Merit Network
Can't find what you're looking for? Search the Mail Archives.
  About Merit   Services   Network   Resources & Support   Network Research   News   Events   Home

Discussion Communities: Merit Network Email List Archives

North American Network Operators Group

Date Prev | Date Next | Date Index | Thread Index | Author Index | Historical

Re: Reasons why BIND isn't being upgraded

  • From: Greg A. Woods
  • Date: Sun Feb 04 03:18:45 2001

[ On Saturday, February 3, 2001 at 22:55:35 (-0500), Adam Rothschild wrote: ]
> Subject: Re: Reasons why BIND isn't being upgraded
> On Sat, Feb 03, 2001 at 06:34:36PM -0500, wrote:
> > It seems obvious, the goal is to get the root-servers upgraded and
> > OS vendors notified so they can release patches/updates before holes
> > become public knowledge.
> >
> > As someone else mentioned, some OS vendors have histories of taking
> > an unreasonably long time to release updates for known
> > vulnerabilities.
> Yup.  And by the time OS vendors are notified, easily executable
> exploit code is already in the hands of the script kiddies.  While it
> might not be "public knowledge" yet, those who need to know in order
> to initiate their attacks, probably do.

Exactly right.  In the real world EVEN if the very first, cronologically
speaking, discoverer of a vulernability is a nice good clean-cut
law-abiding "Good-ole-boy" who immediately reports it to ISC and only
ISC, there's almost certain to be a kind of gestalt that results in many
not so well mannered and/or law abiding types discovering the same
vulnerabilities in very short order, and with exploits soon to follow.
Remember that even on BUGTRAQ it's rare to see exploits posted before
strange events begin happening, or usually before a fix for some bug is
checked in to one of the various open-source repositories where the
software in question is maintained.  I also get the distinct feeling
that the exploits we do see on BUGTRAQ are often examples that come from
the "Grey Hatted" majority, and that it's very rare to get open
disclosure of exploits from anyone wearing a truly jet-black hat (even
anonymously or third-hand :-).  [Clearly some exploits are even crippled
by the poster.]

And that's not even to mention all the other problems that have been
pointed out by others showing that NDAs and open source development just
cannot possibly ever mix with any valid degree of success....

Indeed it's not that ISC is changing anything from their recent ways of
doing things -- this is just the straw that breaks the camel's back.
They've already long ago withdrawn the BIND development far enough from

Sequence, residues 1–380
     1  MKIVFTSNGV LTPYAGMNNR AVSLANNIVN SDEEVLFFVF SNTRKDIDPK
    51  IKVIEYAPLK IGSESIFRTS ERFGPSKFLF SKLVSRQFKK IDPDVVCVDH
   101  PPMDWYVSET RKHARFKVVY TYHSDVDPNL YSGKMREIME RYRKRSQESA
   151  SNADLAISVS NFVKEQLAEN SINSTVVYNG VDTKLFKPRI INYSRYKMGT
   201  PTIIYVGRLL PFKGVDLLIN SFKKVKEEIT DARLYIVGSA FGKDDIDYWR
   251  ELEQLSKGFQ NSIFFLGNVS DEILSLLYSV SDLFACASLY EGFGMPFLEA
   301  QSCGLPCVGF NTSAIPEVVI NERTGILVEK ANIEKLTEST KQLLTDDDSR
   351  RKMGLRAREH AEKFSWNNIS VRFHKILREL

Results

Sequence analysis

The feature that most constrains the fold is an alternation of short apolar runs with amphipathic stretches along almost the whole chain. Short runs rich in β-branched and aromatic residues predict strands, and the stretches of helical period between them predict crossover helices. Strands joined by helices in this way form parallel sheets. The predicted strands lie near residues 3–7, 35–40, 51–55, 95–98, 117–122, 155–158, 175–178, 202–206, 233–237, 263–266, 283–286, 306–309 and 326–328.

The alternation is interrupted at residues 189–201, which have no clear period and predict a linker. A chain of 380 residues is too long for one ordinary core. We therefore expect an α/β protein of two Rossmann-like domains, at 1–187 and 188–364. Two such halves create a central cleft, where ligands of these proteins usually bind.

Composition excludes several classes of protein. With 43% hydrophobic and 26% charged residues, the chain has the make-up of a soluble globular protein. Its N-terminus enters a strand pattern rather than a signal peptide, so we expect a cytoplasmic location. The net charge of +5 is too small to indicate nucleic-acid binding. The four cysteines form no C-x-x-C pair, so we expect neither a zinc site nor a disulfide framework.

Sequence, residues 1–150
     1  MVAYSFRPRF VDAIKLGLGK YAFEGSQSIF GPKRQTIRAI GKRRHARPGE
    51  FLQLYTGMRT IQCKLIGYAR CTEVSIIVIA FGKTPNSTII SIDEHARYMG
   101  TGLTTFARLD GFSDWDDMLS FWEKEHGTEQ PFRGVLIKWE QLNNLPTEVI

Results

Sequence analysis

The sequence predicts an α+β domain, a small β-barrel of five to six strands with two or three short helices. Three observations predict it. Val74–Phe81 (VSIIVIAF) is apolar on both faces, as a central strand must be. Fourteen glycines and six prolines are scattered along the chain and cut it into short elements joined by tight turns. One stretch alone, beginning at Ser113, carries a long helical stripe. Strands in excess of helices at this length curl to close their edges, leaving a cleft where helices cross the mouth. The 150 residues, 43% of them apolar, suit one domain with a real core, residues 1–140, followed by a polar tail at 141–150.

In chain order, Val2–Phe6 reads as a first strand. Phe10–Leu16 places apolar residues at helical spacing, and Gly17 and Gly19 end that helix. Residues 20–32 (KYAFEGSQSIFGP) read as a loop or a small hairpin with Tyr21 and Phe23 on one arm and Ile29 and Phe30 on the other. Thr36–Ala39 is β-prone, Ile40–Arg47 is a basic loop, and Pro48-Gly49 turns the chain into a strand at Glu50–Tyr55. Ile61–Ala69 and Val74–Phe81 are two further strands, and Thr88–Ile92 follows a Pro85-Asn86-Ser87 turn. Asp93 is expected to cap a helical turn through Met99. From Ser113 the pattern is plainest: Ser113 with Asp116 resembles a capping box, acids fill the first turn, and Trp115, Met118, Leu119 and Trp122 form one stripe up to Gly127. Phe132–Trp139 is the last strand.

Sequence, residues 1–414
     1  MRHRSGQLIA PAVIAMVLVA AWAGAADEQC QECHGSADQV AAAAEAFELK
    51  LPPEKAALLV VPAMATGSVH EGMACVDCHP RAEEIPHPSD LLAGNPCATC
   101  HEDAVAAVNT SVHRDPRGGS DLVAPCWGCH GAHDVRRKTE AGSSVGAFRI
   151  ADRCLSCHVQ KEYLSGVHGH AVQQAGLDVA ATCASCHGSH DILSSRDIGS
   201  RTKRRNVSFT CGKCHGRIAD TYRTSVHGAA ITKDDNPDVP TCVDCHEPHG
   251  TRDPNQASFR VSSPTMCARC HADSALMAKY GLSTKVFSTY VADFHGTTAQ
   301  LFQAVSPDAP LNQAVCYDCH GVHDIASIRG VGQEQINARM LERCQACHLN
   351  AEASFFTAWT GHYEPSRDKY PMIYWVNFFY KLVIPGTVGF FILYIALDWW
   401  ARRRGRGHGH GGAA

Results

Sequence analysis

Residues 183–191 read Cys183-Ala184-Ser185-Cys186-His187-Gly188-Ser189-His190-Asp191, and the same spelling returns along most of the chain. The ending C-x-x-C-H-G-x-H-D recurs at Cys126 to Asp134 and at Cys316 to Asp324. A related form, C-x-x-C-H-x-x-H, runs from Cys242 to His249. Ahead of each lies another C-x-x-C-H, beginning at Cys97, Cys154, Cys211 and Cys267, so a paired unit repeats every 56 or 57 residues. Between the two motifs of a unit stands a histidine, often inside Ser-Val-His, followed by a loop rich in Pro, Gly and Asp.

the really ideal model of open source development (as exemplified by the
likes of the *BSD's, most multi-developer projects on SourceForge, most
of the non-commercial GNU/Linux projects, etc.) and they already have
commercial support service offerings that have at least the potential of
providing customers with secret fixes to already known problems.  All
they're apparently doing is trying to more agressively market this
service.  Whether their motives are altruistic or economic is irrelevant.

After all, how many people who really want to run open-source operating
systems are in fact actually running Solaris that they've built from
source?  My guess is none.  I haven't even bothered to get a copy even
though at one time I would have thought it to be the cat's meow.

In the end it's not really going to matter what software the root and
and whatever TLD servers buy in if ISC takes to supporting them under
NDA -- they'll just be "black boxes" holding the Internet infrastructure
together and they'll be held accountable as such.  The people who want
true open-source nameserver software for their own zones will either
keep their ears to the ground and openly fix bugs in a timely fashion in
a forked version of the BIND code, or they'll turn to an independent
implementation, just like has happened with SSH and various routing
daemons.  In fact, what do you know, but it's already happening!

The imposition of an NDA on ISC's proposed bind-members group is the
problem.  It does not serve the open source community and it cannot by
definition.  It stands just as much of a chance of backfiring as it does
of protecting ISC's potential for revenue by protecting the paying
vendors' ability to hold the attention (and pocketbooks) of their
customers.  It will cause people to seek alternatives.

							Greg A. Woods

+1 416 218-0098      VE3TCP      <>      <robohack!woods>
Planix, Inc. <>; Secrets of the Weird <>

Discussion Communities

About Merit | Services | Network | Resources & Support | Network Research
News | Events | Contact | Site Map | Merit Network Home

Merit Network, Inc.